With every passing year, as new companies, technologies, hardware and user preferences emerge, the digital marketing landscape changes and evolves, sometimes quite dramatically. In order to stay ahead of the curve, digital marketers must be prepared to be early adopters of these new marketing possibilities.

Major corporations will already be spending millions on upcoming trends; while that kind of investment remains out of reach for small to medium enterprises until the technologies mature, it’s still worth knowing which way the wind is blowing–here’s our guide to some significant digital marketing trends to watch in 2016.

The Domination of Mobile

This past year has been a “Really Big Year” for mobile, with mobile traffic outdoing desktop traffic across ten countries. Google’s mobile algorithm update, phasing out sites which aren’t optimized for mobile, was further confirmation, if confirmation were needed, that mobile sites are here to stay (or are they? See #2; we live in exciting times!).

There is no reason to think that the increasing usage of mobile devices will decline in any way in 2016; if you’re not already on board with mobile optimization, you need to come out from under that rock now, before it’s too late.

The Rise of Apps

Apps, of course, are nothing new. However, now that Google is increasing the complexity and nuances of its ranking of apps, 2016 should see an explosion of apps for individual businesses. There’s very little your mobile-friendly website can do which an app can’t do too, often better and with that bit more punch and panache.

Eventually, it wouldn’t be surprising to see mobile-friendly websites being phased out in favor of apps. We’re not quite there yet, but 2016 should be an important year during which more and more business owners recognize the benefits of creating an app for their customers.

Video Marketing Comes of Age

As Google introduces in-SERP video advertising, video has never been more important to your digital marketing strategy. It’s been known for some time that video is one of the most engaging and arresting way of communicating with your customers, so 2016 should see many more small-medium sized enterprises dipping their toes into video marketing.

Virtual Reality: Here to Stay This Time?

Virtual reality has had a checkered history when it comes to actual adoption by the everyday man in the street. However, early 2016 sees the release of Facebook’s Oculus Rift, which could well be the game changer which sends virtual reality mainstream at last.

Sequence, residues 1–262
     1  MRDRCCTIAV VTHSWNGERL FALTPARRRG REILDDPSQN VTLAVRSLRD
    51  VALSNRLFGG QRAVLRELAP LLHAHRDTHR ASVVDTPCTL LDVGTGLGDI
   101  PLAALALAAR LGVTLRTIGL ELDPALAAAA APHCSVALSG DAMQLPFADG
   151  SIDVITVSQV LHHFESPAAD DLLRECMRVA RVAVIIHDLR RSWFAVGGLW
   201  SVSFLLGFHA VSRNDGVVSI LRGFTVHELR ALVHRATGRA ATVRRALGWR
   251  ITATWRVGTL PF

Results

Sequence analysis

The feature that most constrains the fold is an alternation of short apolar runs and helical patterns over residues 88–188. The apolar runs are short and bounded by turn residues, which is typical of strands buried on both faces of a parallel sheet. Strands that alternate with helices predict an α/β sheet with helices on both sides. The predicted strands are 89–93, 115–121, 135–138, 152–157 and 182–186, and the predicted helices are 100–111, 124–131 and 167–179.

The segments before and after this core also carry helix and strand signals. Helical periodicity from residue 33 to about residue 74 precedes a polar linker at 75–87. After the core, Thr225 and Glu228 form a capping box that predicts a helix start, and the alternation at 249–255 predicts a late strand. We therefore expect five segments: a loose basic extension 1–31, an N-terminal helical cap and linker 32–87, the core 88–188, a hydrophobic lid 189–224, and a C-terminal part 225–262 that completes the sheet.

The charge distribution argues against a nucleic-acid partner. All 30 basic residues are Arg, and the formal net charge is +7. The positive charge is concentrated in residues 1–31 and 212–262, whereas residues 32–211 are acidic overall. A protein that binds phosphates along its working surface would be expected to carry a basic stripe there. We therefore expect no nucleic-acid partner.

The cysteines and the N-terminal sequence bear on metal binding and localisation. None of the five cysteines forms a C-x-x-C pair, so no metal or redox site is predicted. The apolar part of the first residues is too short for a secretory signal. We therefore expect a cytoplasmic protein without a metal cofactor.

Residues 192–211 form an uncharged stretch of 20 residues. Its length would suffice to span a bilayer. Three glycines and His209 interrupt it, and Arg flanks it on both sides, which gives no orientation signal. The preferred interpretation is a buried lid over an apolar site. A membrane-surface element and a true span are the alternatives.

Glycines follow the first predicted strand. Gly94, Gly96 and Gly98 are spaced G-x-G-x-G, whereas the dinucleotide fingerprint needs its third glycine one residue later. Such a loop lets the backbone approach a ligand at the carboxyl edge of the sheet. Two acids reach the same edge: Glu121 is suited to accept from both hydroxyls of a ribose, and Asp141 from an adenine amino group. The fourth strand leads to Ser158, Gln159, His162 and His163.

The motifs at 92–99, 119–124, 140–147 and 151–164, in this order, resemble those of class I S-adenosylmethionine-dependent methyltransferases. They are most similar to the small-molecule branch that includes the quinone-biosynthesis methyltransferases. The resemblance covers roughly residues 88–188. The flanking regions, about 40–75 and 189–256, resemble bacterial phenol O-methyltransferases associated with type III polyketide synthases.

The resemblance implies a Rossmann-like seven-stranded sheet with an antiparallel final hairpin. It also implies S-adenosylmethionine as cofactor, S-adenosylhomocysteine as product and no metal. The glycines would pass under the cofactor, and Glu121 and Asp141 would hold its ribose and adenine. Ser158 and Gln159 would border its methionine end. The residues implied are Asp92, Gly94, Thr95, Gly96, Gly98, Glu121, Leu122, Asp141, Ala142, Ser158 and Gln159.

If the Oculus Rift and other devices, such as Sony’s VR headset, do well, then this opens up a whole new world for savvy digital marketers to mine. It could end up being just another niche product or a fad—after all, VR has failed before—but with billions of dollars of investment behind these products, 2016 could perhaps turn out to be the year when virtual reality becomes a reality for marketers too.

The Internet of Things

The IoT is the concept of everyday items—your watch, your refrigerator, you air conditioner, your car—all being “online” and able to share and use data. Adoption of wearable technology is estimated to reach 26% during 2016, and the IoT is fast becoming a reality. This creates a whole new set of possibilities for digital marketers, who will be able to use data about people’s lifestyles, habits and likes in a way never before possible. Expect 2016 to hold some interesting developments in this area.

Content Still Matters

If you’re reading all this and thinking “great…but this all looks very expensive!” hang in there. Aside from creating apps and videos, getting to grips with all the possibilities and developing a whole new VR strategy, there’s one simple thing brands still need to do to get ahead, and that’s to continue to create valuable, useful, engaging content for their consumers.

Statistics released by the Content Marketing Institute reveal that 80% of business decision makers would rather get their information from articles than from advertising. Meanwhile, 90% of consumers find good content useful, and nearly 80% believe that it shows that the company is interested in them and their needs, with a similar figure stating that it leaves them with a good impression of the brand.

As the bells and whistles advance apace, customers are still grounded enough to want useful content, and will no doubt continue to reward companies that provide it for them.


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